Healthcare in the USA
 

Health Care in the USA

International students are responsible for the expenses they incur while in the United States. As such, U.S. law requires universities to verify that international students on J-1 visas (and their J-2 dependents) have health insurance before allowing them to enroll. The federal government does not require students on F-1 visas to have health insurance, but many schools require it.
The most important thing you can do is learn more; study the details of your insurance plan, and get familiar with its rules and regulations. Also, try to maintain a healthy lifestyle to minimize your chances of illness or injury that may require medical treatment while you are studying in the United States.

Unlike many other first-world countries, the United States does not provide socialized health care. Although the American healthcare system is considered one of the best in the world, it also happens to be one of the most expensive. Healthcare costs from major accident or illness can add up to cost hundreds of thousands of dollars. Another hurdle is the complexity of the US healthcare system makes it difficult to understand, even for Americans. Although quality healthcare is widely available from a variety of sources, it is very important to know where to go for specific kinds of care in order to control costs. For college-bound international students, healthcare is (thankfully) more simplified as most colleges and universities offer health insurance options and have on-campus clinics that serve the needs of vast majority of the student population.

On Campus Health Care

    Besides emergencies, the on-campus clinic is the first place you will go for everything from basic first-aid and treatment of minor ailments. If required, the clinic will then refer you to specialists for other needs such as x-rays, laboratory tests, prescription drugs and others. The cost of on-campus medical services is normally not very expensive, and sometimes completely covered by the health insurance provided by your college.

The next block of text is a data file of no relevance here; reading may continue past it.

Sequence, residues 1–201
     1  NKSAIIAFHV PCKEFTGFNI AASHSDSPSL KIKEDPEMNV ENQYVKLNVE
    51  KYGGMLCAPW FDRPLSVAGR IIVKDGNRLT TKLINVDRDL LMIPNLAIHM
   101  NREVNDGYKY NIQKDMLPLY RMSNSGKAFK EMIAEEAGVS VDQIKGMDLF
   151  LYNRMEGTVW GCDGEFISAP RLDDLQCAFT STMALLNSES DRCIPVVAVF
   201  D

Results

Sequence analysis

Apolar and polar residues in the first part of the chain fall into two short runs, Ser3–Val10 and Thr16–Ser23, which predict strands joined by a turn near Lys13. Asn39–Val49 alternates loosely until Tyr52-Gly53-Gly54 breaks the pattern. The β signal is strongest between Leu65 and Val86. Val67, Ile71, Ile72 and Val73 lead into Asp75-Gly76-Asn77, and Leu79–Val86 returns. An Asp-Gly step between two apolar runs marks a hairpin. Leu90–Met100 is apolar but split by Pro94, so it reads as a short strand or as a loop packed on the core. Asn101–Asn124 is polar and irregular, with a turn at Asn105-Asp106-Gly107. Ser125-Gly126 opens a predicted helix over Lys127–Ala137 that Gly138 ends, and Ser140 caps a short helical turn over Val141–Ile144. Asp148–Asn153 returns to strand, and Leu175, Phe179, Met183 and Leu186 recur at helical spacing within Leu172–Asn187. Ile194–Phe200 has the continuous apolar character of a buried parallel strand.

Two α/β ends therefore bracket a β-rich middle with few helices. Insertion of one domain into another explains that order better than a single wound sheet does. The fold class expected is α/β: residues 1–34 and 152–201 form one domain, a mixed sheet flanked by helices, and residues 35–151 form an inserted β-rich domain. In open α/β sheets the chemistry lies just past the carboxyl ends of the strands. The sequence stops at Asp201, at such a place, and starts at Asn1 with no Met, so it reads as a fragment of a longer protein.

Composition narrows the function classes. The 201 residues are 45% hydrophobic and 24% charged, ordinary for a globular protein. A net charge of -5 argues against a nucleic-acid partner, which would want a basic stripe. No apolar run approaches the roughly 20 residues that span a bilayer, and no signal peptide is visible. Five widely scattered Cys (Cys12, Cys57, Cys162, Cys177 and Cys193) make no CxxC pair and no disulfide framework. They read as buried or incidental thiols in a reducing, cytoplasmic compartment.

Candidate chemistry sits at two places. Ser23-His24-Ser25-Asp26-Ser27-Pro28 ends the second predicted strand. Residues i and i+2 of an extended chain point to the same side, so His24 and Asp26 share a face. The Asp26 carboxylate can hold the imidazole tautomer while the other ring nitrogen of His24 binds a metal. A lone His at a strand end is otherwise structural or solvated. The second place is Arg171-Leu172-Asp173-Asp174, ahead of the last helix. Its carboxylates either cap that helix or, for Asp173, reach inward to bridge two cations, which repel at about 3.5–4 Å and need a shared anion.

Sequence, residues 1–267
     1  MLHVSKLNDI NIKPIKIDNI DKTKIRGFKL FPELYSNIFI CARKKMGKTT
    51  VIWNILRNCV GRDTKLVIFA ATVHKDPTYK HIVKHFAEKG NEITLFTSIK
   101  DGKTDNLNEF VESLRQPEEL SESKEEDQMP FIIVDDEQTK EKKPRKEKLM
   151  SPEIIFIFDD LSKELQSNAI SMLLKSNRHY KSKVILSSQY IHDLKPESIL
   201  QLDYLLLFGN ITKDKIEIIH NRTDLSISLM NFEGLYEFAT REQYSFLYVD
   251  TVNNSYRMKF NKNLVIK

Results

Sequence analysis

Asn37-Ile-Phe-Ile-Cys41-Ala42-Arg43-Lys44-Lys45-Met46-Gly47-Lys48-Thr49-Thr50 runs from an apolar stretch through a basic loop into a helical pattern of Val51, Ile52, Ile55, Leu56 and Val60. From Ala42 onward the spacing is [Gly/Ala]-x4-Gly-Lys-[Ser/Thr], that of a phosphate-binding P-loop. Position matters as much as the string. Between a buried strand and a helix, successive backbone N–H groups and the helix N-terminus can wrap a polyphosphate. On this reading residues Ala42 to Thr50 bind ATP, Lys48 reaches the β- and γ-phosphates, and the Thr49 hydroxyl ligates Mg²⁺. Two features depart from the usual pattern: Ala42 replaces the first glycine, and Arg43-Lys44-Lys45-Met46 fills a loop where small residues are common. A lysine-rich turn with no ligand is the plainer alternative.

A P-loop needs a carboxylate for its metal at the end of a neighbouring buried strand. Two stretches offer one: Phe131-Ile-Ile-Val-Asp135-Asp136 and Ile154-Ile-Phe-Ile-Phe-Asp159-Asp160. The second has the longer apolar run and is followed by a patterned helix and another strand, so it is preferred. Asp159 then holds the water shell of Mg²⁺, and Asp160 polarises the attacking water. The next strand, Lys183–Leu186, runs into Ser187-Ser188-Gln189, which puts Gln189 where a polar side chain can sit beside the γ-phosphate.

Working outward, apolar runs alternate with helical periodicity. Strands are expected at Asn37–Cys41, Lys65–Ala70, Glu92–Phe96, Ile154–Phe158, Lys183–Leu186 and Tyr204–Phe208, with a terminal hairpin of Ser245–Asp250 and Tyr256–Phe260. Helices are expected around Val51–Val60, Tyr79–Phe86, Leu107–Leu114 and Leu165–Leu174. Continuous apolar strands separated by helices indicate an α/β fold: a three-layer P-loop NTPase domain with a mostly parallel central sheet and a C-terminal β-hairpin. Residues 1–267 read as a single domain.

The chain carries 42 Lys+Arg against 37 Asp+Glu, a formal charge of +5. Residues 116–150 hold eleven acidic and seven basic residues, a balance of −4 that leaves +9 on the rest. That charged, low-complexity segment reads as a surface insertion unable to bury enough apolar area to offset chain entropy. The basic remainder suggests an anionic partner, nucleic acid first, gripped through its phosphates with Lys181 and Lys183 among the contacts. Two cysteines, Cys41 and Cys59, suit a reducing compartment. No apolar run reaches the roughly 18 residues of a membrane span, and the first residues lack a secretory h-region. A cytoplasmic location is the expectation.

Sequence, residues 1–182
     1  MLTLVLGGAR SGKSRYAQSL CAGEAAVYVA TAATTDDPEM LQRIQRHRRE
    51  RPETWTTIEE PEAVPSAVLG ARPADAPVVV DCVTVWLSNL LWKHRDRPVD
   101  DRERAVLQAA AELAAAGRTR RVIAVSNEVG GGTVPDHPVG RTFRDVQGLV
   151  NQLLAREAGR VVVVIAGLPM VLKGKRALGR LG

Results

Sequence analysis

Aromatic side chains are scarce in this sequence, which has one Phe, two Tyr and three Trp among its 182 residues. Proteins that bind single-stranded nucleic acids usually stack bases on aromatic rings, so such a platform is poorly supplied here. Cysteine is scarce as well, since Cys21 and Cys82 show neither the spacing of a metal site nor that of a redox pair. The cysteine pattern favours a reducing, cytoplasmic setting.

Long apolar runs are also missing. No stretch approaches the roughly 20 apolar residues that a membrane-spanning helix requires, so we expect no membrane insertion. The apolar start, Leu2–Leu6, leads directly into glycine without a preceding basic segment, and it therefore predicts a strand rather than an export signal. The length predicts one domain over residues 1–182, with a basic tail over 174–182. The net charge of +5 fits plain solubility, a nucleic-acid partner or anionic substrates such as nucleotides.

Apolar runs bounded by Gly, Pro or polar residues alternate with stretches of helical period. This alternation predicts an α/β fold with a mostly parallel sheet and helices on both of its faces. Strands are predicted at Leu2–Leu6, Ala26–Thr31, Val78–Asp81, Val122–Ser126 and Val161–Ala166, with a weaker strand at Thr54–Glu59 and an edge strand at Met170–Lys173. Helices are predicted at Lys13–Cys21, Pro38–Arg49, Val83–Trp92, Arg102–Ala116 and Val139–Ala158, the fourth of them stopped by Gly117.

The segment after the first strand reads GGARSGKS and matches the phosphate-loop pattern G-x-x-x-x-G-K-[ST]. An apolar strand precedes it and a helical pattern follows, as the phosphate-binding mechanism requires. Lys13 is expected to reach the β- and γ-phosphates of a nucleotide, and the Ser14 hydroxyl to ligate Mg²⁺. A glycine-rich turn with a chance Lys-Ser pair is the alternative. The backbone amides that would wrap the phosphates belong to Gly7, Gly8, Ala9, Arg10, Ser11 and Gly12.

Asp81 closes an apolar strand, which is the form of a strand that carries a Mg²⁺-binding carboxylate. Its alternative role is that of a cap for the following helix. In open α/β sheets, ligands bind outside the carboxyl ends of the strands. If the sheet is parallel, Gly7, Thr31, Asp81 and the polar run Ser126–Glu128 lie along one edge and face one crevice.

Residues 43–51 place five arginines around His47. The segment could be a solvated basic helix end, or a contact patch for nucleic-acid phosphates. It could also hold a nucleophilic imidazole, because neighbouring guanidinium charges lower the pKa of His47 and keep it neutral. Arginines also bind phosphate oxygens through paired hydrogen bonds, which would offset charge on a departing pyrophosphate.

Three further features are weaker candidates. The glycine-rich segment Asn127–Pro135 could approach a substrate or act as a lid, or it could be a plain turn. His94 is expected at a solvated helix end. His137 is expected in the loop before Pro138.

During your first week on campus, be sure to take a note of where the clinic is on campus and what kinds of services your college/university offers. You may also be required to take a copy of your medical records (including immunization and vaccination records and prescriptions) to the school’s health care center or infirmary.

Off Campus for Health Care

    If you prefer to visit a medical practitioner off-campus, you have several choices (though the cost is generally higher). Private doctors treat non-emergency patients usually only by appointment during regular office hours that is typically between 9 a.m. to 5 p.m.
    In case of serious emergency, go to the nearest hospital emergency room — by ambulance if necessary. The emergency hotline is 911 all over the US. Hospital emergency rooms are designed to treat life-threatening ailments; this is typically the most expensive place to receive care.
    If you need to use a medical facility, but are uncomfortable with your English skills, ask a friend to go with you. Proper communication is very important!

What You Need to Know About Health Insurance

Many colleges and universities have their own health insurance plans for their students. According to a recent independent study, larger U.S. schools tend to have better international student insurance programs than smaller schools. Participation in the plan is often mandatory, especially for non-U.S. students. If you are sponsored by an organization such as USAID or one of the Fulbright programs, that organization may have its own health insurance policy. If health insurance is not provided, the International Student Office at your new institution will be able to help you find a suitable plan that fits your needs, or visit International Student Insurance for more information.
A number of private companies offer insurance plans specifically designed for international students. The quality of these programs varies, so request advice from the on-campus International Student Office and other international students, especially students who have had experience with insurance claims.
Here are some basic insurance terms that will get you started in learning more about health care in the United States:

Premium

    The premium is the amount that you pay to purchase the insurance coverage.

Deductible

    The deductible is the amount that the insured person must pay before the insurance company starts paying.

Co-Insurance

    Co-Insurance is the percentage that the insured person pays after the deductible is paid. For example, if co-insurance equals 20 percent, then the insured person pays 20 percent and the insurance company pays 80 percent.

Expense

    Expenses are the costs for services such as surgery, hospitalization, x-rays, prescription drugs, and/or laboratory tests; expenses are defined in the individual insurance contracts.

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